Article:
Obituary: Sir Francis Avery Jones

FRANCIS AVERY JONES became identified with gastroenterology in a way that few other physicians and surgeons have been with any other speciality in Britain. That he achieved such eminence was particularly remarkable, because he did so through his work in a district hospital and not at one of the teaching hospitals at which the leaders of the profession were nearly always based.

Avery Jones was educated at the Sir John Leman School, Beccles, and at St Bartholomew's Hospital Medical School. He qualified in medicine in 1934 and was successively house physician to Professors Sir Francis Fraser, Leslie Witts and Ronald Christie, three of the most distinguished physicians of the time.

In 1936, he obtained a Baly Research Scholarship and was appointed assistant to the professorial medical unit under Witts, where he was introduced to the revolutionary technique, pioneered in Denmark, of liberal feeding for patients with bleeding peptic ulcers, instead of sedation and starvation, and he showed that the fatality of the condition could be dramatically reduced by drip blood transfusion and adequate amounts of water and salts by mouth.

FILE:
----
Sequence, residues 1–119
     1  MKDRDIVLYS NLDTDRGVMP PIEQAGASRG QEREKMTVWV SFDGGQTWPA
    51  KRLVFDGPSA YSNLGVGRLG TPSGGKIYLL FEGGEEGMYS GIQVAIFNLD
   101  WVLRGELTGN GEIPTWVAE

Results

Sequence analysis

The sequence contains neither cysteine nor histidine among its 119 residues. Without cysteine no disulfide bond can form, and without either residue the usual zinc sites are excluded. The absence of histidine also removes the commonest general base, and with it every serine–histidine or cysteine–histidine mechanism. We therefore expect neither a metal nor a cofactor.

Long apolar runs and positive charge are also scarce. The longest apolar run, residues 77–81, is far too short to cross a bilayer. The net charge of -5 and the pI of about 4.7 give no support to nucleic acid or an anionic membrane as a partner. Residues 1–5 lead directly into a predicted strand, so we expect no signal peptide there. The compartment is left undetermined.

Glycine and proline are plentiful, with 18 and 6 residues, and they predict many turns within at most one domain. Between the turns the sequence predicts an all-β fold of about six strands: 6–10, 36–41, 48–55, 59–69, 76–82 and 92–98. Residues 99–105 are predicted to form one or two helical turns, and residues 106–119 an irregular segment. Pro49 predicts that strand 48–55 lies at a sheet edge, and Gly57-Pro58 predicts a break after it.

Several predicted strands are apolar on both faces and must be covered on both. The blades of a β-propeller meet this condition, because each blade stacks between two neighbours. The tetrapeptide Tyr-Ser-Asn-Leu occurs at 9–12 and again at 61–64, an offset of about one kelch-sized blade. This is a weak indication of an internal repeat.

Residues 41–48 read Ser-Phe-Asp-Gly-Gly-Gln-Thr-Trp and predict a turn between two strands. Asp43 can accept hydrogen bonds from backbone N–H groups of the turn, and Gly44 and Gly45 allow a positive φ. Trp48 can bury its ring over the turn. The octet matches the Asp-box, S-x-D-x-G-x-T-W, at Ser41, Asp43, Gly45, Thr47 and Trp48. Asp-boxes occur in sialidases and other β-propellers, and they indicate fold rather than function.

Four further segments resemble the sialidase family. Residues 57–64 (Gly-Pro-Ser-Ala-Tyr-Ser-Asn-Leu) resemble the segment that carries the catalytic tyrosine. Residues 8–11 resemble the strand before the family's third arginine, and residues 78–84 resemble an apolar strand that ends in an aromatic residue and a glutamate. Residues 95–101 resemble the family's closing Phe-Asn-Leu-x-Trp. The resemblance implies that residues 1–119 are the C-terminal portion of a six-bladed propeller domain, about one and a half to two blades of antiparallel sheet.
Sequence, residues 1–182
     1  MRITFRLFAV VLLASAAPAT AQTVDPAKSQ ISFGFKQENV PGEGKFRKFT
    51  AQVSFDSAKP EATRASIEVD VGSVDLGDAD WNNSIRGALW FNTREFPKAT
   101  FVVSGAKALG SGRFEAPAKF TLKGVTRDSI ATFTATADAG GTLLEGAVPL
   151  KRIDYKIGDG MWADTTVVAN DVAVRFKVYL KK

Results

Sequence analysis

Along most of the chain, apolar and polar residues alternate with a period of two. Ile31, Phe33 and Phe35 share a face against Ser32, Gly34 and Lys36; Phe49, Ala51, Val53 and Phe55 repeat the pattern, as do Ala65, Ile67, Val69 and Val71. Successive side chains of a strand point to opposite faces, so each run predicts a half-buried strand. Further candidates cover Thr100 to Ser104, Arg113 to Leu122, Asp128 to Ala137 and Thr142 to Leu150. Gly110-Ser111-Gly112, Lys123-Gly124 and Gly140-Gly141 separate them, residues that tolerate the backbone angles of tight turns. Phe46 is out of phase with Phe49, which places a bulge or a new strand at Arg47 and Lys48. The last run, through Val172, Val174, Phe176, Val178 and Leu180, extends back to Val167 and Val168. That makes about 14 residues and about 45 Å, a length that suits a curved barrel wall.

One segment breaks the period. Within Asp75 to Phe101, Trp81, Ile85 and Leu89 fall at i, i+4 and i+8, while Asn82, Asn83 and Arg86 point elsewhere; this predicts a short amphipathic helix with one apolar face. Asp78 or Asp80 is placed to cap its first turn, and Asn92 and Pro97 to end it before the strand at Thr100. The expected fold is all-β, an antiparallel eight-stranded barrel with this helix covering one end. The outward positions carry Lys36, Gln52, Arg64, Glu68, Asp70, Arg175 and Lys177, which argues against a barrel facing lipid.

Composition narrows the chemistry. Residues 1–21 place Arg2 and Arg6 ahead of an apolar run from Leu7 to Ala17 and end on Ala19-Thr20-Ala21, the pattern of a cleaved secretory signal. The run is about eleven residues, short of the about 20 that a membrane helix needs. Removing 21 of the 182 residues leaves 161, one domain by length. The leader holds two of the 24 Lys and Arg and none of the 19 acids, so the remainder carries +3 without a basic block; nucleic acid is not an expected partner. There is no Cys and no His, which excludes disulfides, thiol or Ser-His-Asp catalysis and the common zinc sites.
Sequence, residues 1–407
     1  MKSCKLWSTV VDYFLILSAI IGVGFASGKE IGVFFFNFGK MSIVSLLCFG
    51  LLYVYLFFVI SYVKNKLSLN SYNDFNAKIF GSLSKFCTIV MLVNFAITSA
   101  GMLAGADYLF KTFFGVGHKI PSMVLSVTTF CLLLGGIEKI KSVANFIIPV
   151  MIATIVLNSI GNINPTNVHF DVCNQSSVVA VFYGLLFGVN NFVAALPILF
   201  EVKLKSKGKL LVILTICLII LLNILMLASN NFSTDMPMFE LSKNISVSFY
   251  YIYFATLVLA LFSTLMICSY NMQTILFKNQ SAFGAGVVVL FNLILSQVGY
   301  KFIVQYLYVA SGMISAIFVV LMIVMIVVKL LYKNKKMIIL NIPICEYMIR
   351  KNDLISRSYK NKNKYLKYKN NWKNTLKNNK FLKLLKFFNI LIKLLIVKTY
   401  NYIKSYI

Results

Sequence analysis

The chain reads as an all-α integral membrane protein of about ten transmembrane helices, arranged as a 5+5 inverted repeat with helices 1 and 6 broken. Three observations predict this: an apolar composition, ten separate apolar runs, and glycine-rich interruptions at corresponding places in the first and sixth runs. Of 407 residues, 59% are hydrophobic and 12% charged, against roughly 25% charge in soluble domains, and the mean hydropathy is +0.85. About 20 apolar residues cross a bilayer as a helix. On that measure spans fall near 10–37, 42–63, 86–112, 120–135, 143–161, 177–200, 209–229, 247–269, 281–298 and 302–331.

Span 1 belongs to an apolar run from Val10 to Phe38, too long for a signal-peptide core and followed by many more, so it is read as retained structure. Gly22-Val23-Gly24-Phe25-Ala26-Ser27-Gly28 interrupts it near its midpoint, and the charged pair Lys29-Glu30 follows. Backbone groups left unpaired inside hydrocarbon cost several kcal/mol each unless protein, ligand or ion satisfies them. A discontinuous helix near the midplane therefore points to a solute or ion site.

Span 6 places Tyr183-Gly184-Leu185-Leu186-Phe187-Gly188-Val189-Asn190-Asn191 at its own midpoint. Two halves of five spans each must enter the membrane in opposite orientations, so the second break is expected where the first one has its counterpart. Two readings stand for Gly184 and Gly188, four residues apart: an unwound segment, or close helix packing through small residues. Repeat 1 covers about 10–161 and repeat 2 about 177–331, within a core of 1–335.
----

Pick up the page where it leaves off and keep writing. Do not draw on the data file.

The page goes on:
In 1937 he attended (as a guest) the foundation meeting of a gastroenterological club (later to become the British Society of Gastroenterology) which had been organised by Sir Arthur Hirst, fell under his spell, and became committed to gastroenterology for life.

In 1940, Avery Jones was appointed to the staff of the Central Middlesex Hospital, as a physician with a special interest in gastroenterology, where he joined a group of specialists whose joint work was to establish the hospital as a centre of excellence that rivalled the university hospitals in central London. Collaboration, rather than competition, characterised the work: before long Avery Jones had amassed a personal experience of the natural history and prognosis of peptic ulceration that was unique and which he built on by persuading his surgical colleagues to operate on patients directly from his wards, leaving their post-operative care to him; something that was only just beginning to be managed scientifically with detailed attention to biochemical control.

The massive experience that he gained in this way of the results of different methods of treatment of gastric and duodenal haemorrhage enabled him to lay out a practical programme for managing one of the most complex medical emergencies; this resulted in a progressive and sustained reduction in the fatality of the condition.